In “A Personal Matter” Oé throws directly an ethic dilemma, one of the most terrible decisions a father can make: killing his own son. Its protagonist is Bird, a disturbed intellectual in a failing marriage whose utopian dream of going to Africa, collapses when his wife gives birth to a brain-damaged child. Though the assassination does not happen in the novel it is what keeps the plot spinning, and we only learn in the very last moments that all his efforts are destined to fail, so in the end the real horror is questioning what is worse. Like in other works by Oé (The novellas in “Teach us to outgrow our madness”) the recurrent karma of the damaged son is the epicenter of the narration, a constant well of despair and reflections,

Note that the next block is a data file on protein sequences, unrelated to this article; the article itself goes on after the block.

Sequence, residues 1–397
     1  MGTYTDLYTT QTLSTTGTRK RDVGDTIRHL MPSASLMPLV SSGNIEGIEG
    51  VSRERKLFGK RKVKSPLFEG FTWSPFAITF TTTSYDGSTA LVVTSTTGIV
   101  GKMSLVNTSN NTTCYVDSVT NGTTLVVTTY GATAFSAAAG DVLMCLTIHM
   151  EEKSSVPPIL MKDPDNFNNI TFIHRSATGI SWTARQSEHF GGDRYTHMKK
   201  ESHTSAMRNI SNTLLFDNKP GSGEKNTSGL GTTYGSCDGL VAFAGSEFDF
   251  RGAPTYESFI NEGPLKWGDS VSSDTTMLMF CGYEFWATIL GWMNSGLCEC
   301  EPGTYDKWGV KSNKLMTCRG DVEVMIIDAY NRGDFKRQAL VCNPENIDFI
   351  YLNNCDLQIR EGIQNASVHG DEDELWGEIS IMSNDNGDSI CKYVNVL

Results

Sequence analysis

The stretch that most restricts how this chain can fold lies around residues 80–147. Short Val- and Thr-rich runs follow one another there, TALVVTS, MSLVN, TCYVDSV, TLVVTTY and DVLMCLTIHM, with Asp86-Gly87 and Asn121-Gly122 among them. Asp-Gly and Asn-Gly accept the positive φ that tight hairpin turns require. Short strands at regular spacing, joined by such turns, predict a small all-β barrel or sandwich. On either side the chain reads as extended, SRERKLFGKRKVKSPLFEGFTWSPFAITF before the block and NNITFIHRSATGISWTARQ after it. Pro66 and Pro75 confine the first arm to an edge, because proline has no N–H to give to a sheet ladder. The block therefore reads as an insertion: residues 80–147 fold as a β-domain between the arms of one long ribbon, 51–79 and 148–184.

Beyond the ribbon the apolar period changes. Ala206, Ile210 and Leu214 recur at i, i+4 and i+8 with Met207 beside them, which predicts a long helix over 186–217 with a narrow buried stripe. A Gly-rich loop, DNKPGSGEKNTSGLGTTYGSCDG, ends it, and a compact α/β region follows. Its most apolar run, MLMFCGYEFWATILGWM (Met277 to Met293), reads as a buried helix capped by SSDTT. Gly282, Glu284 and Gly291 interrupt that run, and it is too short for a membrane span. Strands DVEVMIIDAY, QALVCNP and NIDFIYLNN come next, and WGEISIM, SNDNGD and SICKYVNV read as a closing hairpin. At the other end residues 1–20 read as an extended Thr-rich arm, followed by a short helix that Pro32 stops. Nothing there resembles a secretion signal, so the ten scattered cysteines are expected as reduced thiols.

A fragment of an interesting interview with Oé:
Q: Do you believe that a writer chooses his themes or do they come upon him?
A: Nadine Gordimer has written that we don't choose a theme or a situation or story. The theme chooses us, that is the goal of the writer. The time, the days choose us as a writer. We must respond to our time. From my experience I can say the same thing as Nadine Gordimer: I didn't choose the story of a handicapped son, or we didn't choose the theme of a handicapped boy's family. I wanted to escape from that if it were possible, but something chose me to write about it. My son chose me. That is one definite reason I continue to write.
Q: You write in another essay, "The fundamental style of my writing has been to start from my personal matters and then link it up with society and the state and the world."
A: I think I am doing my works to link myself, my family, with society -- with the cosmos. To link me with my family to the cosmos, that is easy, because all literature has some mystic tendency. So when we write about our family, we can link ourselves to the cosmos. But I wanted to link myself and my family with society. When we link ourselves to society then we don't write very personal matters but we are writing an independent novel